The 1986 United Nations Declaration on the Right to Development states that "...deve-lopment is a comprehensive economic, social, cultural and political process, which aims at the constant improvement of the well-being of the entire population and of all indivi-duals on the basis of their active, free and meaningful participation in development and in the fair distribution of benefits resulting therefrom..."
As a standard, this definition deserves closer attention in today's continuing drive towards increased economic growth. Governments and international agencies are still pouring billions of dollars to accelerate economic growth by harnessing natural resources from forests to bodies of water. But there are questions that have remained unsatisfactorily answered. Are these development projects promoting sustainable use of the affected natural resources? How are people who are directly, and adversely, affected by these projects protected? Aren't the projects promoting bias in favor of the urban at the expense of the rural? Did affected people actively, freely and meaningfully parti-cipate in these projects? Are these projects the only means of attaining economic development? There are many more questions to raise.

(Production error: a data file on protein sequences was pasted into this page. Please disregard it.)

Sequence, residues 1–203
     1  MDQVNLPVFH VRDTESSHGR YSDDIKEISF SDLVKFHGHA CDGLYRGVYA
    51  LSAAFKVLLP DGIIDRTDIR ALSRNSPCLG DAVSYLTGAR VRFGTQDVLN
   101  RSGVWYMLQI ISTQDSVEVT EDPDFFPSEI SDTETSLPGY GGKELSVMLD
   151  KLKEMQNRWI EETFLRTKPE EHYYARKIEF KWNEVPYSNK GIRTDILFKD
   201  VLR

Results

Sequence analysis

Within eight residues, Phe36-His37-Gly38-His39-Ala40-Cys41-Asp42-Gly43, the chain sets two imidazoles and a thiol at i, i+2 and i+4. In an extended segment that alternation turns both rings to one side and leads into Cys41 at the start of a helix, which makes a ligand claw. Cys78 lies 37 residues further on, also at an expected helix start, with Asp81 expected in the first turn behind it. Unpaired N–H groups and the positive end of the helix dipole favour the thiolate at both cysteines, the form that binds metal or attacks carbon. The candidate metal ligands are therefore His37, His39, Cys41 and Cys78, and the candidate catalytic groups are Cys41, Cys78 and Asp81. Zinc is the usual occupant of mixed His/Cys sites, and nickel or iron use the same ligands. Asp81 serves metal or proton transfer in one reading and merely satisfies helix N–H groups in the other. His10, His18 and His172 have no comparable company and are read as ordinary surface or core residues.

Stories of displacement and even death of people affected by these projects in the rural areas still come out every now and then. Some stories may unfortunately remain unknown outside the affected communities.
These are the reasons why there are many questions about development.